Base Killings Linked To Drug?
N.C. , Aug. 22, 2002
Pentagon is considering sending a medical team
to see whether there are any links between a
series of domestic killings at Fort Bragg and
an anti-malaria drug taken by soldiers.
The Army's preferred anti-malaria drug, Lariam,
carries rare reported side effects including
agitation, depression and aggression. The
epidemiological team could be sent to Fort
Bragg in the next few weeks, Army spokeswoman
Elaine Kanellis said Wednesday.
"There's no reason to believe right now
that Larium affected the behavior of the
individuals," Kanellis stressed, adding
that the team would also probe any other
behavioral and physical problems that might be
The drug's manufacturer, Roche Laboratories,
acknowledges reports of suicide and suicidal
thoughts attributed to Lariam, also known as
mefloquine. But company spokesman Terence
Hurley said they are extremely rare,
"only a small percentage of the more than
25 million people that have successfully used
The World Health Organization puts the
incidence of serious neuropsychiatric effects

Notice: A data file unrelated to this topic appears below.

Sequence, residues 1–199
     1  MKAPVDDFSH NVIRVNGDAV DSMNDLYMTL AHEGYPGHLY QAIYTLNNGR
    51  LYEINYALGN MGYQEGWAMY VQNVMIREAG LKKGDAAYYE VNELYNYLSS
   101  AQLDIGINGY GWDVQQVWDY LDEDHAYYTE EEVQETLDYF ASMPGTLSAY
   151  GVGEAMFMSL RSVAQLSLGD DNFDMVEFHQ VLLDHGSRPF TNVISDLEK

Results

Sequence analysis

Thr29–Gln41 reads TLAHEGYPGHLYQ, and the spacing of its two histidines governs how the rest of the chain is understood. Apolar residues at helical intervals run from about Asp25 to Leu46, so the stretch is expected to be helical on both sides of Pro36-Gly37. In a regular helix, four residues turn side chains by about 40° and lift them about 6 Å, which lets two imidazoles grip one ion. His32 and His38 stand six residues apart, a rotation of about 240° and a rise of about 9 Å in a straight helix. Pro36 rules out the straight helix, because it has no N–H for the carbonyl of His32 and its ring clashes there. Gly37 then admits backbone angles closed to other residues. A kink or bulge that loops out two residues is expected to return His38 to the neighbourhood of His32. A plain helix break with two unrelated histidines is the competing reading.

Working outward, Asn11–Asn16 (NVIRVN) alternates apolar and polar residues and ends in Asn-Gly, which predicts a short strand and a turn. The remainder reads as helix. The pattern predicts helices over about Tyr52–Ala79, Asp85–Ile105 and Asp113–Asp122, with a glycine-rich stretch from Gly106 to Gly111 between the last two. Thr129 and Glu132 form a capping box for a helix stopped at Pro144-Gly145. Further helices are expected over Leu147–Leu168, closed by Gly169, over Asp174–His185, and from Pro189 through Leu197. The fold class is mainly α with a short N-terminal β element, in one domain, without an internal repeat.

from the drug at 5 in 100,000. Out of millions
of travelers given mefloquine each year,
between 1 in 6,000 to 1 in about 10,000 will
experience some kind of serious adverse
reaction, the WHO says.
Four wives of soldiers at Fort Bragg were
killed in a six-week span this summer. Each
death is blamed on the husband. Three of the
four men were Special Operations soldiers who
had been deployed to Afghanistan, where the
risk of malaria is high. Army officials would
not say if the men had taken Lariam.
Two of the soldiers killed themselves after
killing their wives.
In a fifth domestic killing at the base, the
wife of an Army Special Operations officer was
charged in his shooting death last month.
Malaria is a serious, sometimes fatal, disease
caused by a parasite that infects humans
through mosquito bites. The WHO estimates that
perhaps as many as 500 million cases of
malaria occur each year and more than 1
million people die of the disease worldwide.
Lariam is the malaria remedy of choice for
soldiers because it is taken once a week
instead of daily.